Over the years I've been teaching it seems that behavior has become more and more of a concern in our classrooms. There are many theories as to why this is happening and I believe it's a combination of many factors. That's definitely for a different time and different blog post.
I've tried many different ways to handle behavior problems in my classes. Some were methods other teachers had tried and swore they worked. They didn't work for me. Many methods were things like taking something away from a student, giving after school detentions, calling parents in for a conference and too many more to list.
Think about it. Why does a student "act out"? When I first started teaching we weren't politically correct and used the terms "misbehaved" "has behavioral issues" "is a behavior problem" etc. Today, we use "nicer" terms that are politically correct, BUT the behaviors are still the same.
A child who misbehaves is crying out for attention. How do we know what kind of attention a child gets at home? We don't. Sometimes the only way a child might get his/her parents' attention at home is to act up.
Mom's getting dinner ready and little Johnny wants her to look at the Thanksgiving turkey picture he made in Mrs. T's kindergarten class. Mom says, without even a glance, "Not now Johnny."
She's trying to do a zillion things for a perfect dinner so little Johnny decides the only way he get his mother's attention is to pull poor kitty's tail. MEEEEEOW! Mom scolds little Johnny and goes back to stirring her homemade gravy that's just coming to a boil.
Little Johnny runs into the living room and grabs his sister's iPad, and tears up the stairs to his bedroom. Sister leaps off the recliner and screams "MOM"! Meanwhile, back in the kitchen, mom's gravy is done, but now she's pulling the chicken out of the oven so she can carve it before Dad comes home. The chicken nearly falls out of the pan as little Johnny's sister's voice becomes so high pitched it almost breaks a glass in the china closet.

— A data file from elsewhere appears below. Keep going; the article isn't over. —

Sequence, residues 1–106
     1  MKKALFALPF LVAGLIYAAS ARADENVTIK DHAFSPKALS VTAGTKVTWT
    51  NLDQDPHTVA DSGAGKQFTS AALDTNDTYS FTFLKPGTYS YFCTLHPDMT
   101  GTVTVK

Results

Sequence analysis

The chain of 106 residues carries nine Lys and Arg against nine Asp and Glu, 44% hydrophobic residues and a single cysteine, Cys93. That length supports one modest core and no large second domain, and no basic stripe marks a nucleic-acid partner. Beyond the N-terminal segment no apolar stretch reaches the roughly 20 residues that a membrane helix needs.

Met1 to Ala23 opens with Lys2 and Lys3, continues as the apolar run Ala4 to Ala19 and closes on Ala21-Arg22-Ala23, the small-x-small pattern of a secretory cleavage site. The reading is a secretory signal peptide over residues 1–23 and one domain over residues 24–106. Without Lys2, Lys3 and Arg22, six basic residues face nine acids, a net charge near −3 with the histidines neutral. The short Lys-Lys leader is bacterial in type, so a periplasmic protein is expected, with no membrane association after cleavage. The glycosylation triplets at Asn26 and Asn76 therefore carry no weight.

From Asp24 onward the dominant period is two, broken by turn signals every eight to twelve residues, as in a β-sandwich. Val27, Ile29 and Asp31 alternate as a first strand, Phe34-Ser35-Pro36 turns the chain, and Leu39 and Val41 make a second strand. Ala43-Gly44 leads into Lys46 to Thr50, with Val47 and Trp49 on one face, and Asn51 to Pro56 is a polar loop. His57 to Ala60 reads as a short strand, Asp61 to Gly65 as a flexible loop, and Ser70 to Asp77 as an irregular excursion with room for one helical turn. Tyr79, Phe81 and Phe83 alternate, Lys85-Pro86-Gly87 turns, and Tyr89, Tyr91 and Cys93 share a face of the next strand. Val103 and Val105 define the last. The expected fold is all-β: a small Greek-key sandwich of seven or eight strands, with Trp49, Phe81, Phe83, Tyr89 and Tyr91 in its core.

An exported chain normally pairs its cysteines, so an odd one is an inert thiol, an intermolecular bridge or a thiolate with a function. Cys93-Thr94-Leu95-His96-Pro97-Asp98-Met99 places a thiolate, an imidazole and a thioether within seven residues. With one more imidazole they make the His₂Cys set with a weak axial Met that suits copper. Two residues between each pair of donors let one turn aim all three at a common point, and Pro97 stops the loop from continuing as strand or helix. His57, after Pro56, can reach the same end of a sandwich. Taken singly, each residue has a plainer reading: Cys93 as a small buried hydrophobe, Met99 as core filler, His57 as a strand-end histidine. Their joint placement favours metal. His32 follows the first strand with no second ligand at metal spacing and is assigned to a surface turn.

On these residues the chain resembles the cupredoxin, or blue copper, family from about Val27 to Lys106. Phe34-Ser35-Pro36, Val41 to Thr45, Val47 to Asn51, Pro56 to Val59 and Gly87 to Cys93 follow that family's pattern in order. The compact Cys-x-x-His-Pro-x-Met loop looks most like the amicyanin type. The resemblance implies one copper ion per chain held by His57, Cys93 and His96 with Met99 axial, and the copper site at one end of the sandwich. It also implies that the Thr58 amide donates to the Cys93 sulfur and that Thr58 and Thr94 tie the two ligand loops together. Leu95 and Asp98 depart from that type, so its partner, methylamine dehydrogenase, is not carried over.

Mom goes storming up the stairs, still wearing her oven mitts and shoves Little Johnny's door open. He's playing some APP game on the iPad and and is so absorbed in it, he doesn't see his frazzled mother until she screeches at him an octave higher than his sister's scream.
Mom then remembers she left the chicken on the burner where she was cooking her gravy and she had forgotten to turn it off. As she flies down the stairs she yells over her shoulder, "Johnny, no t.v for you tonight!"
Little Johnny hurls his sister's iPad against the wall .... UH OH!
I'm sure you get the picture. We just don't know family situations, punishments, or day to day family interactions.
A couple of years ago I was reading a behavior management article about "punch" cards. The author stated that it really works. I thought .. Oh sure, right, uh huh. Was I pessimistic? Sure, but after I created the punch cards and started using them in my room, I realized that yes, this reward system really does work.
The key to making it work successfully in the classroom? Consistency. Follow through. Praise.
I also use it to motivate the little Johnny's who don't do their class work or homework.
Do I give fancy pencils or other little gifts as rewards? No! I'd be broke if I did. There are little stamps in the packet I give my students after I've punched a certain amount of holes on their cards. They start to compete against each other to see who has the most stamps.
Life is good and I have punch cards to thank for it.
Try it! Yes, it really works!
(and it's FREE!)
(and it's FREE!)